Graham Carter: Don’t turn national institution BBC into political football
Maybe it’s my age, so help me out here: every time the role of the BBC in British life is mentioned, am I the only person who is instantly transported to hundreds of happy memories?
He was always there in the corner of the room, like a smiling, knowing and friendly member of the family. They didn’t call her ‘Auntie’ for nothing.
My parents were passionate about radio – more passionate than we are – but the BBC was always, for them, as comforting and as warm as an armchair.
Jimmy Young, Jimmy Clitheroe and Sports Report.
The Six O’Clock News was there too, defining the world with reports from Biafra, Belfast and Buckingham Palace.
Some people loved their school days, but not me, and if I had to pick the highlight of my whole education, it was probably watching the 60 dots disappear from the clock at the last minute before we were excused appropriate lessons and that we sit down to watch a BBC Schools programme.
While we waited for Girls to be invented, we fell in love with BBC comedy, sports, drama and, to be honest, most everything else they aired.
Morecambe and Wise, Monty Python and Dad’s Army; Wimbledon, Test Match Special and A Question of Sport; Dr Who, Colditz and I, Claudius; It’s a Knockout, Parkinson’s and University Challenge.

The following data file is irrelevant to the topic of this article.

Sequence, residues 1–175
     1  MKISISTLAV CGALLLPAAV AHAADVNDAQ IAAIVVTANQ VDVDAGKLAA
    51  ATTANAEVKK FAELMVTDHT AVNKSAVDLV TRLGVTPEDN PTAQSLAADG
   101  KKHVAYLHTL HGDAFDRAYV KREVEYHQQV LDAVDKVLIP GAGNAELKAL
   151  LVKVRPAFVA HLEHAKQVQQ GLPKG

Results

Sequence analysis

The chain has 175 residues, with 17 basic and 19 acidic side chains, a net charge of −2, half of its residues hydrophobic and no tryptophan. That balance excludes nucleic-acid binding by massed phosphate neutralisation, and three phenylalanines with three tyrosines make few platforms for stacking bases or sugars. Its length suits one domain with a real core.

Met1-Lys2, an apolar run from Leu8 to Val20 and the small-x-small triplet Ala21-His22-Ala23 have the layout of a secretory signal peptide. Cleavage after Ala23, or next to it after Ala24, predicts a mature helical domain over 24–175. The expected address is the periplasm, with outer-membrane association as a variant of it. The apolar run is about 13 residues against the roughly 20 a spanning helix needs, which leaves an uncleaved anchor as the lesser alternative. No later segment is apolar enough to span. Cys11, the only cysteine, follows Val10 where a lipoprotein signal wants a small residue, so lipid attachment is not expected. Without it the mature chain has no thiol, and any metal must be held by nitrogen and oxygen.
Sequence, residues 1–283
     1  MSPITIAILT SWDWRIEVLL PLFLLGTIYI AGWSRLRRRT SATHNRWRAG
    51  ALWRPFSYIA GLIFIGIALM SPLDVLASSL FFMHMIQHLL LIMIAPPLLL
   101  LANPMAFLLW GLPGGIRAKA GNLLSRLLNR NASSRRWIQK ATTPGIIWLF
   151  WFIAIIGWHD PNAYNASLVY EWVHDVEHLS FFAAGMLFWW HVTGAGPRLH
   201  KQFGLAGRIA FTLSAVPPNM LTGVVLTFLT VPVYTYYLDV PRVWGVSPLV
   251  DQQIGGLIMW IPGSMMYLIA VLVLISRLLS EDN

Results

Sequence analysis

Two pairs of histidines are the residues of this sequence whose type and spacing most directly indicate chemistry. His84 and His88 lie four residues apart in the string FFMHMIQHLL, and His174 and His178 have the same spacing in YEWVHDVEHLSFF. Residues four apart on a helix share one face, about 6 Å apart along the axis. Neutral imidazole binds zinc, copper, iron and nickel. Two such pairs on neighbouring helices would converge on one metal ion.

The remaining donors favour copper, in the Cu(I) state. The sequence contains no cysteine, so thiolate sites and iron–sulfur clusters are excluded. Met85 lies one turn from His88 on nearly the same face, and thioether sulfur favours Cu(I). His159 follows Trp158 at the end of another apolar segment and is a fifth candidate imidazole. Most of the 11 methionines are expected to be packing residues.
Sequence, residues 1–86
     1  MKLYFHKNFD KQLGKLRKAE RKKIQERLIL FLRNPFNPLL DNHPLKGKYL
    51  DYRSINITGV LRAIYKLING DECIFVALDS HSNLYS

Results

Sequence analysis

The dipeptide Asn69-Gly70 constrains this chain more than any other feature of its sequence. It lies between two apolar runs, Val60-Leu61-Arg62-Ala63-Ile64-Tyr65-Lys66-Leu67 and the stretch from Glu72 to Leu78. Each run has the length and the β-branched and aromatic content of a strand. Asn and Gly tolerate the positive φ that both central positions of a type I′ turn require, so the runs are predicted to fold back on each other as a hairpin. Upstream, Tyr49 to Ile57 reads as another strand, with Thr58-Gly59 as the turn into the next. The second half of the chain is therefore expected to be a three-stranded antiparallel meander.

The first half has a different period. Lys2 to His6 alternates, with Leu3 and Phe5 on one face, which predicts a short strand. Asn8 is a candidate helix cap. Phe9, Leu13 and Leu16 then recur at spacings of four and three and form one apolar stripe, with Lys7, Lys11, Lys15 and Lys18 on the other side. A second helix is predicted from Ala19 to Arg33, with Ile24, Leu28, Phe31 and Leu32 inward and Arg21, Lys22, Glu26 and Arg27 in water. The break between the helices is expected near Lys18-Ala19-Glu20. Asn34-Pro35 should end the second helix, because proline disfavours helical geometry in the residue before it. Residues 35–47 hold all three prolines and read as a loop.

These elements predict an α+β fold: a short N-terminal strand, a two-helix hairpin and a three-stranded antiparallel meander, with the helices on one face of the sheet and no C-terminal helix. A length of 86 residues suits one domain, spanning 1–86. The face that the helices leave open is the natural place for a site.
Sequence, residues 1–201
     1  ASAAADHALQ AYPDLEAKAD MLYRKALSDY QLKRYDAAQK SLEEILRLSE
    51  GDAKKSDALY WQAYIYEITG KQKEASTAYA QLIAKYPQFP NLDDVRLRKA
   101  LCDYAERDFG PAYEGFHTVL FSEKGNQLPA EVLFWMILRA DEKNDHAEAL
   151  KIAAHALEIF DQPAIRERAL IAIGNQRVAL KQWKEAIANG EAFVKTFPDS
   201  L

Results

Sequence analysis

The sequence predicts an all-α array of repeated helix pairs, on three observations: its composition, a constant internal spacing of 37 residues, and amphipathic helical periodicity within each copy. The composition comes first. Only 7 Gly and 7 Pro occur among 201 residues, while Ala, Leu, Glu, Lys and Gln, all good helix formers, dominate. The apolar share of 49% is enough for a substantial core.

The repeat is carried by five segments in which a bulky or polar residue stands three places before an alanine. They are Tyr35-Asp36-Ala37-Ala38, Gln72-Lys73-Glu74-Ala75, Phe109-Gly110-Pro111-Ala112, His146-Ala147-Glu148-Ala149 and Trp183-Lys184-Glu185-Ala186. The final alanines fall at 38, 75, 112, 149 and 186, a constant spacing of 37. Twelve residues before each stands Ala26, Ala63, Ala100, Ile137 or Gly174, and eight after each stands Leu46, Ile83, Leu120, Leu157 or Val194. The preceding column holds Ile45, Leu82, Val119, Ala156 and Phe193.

Then there was a Magical Mystery Tour of music in which the BBC premiered The Beatles on radio and TV, nurtured the 1970s New Wave and – if you liked that sort of thing – played Proms .
Top of the Pops, John Peel and Live Aid.
Even today, as we occasionally and reluctantly tune in to big-budget companies like Netflix and Disney+, there’s still a big place for the BBC in our homes and in our hearts.
QI, Would I lie to you and anything with David Attenborough in it.
And then there’s all those things the BBC does that are beyond me, from the World Service to CBeebies, and from Radio 1 to Call the Midwife – a program that I hate, to be honest, but I’m married to someone who love it .
They are all invaluable. And locally?
In each of my encounters with anyone from BBC Wiltshire over the years, what has always struck me is their cool professionalism.
And notice that thousands of people in Swindon still call it BBC Wiltshire Sound, a sort of local version of ‘Auntie’ – which is saying a lot.
So it’s particularly sad every time someone attacks the BBC, especially when the best reason they can find for wanting it gone – or admitting it – is that it’s not perfect. But that’s wrong with those of us who have understood that in fact, nothing in the world is perfect, let alone large organizations. But it’s pretty close.
And that is certainly no reason to turn a national institution and an international beacon into political football.
Sports evening with Coleman, grandstand for the cup final and match of the day.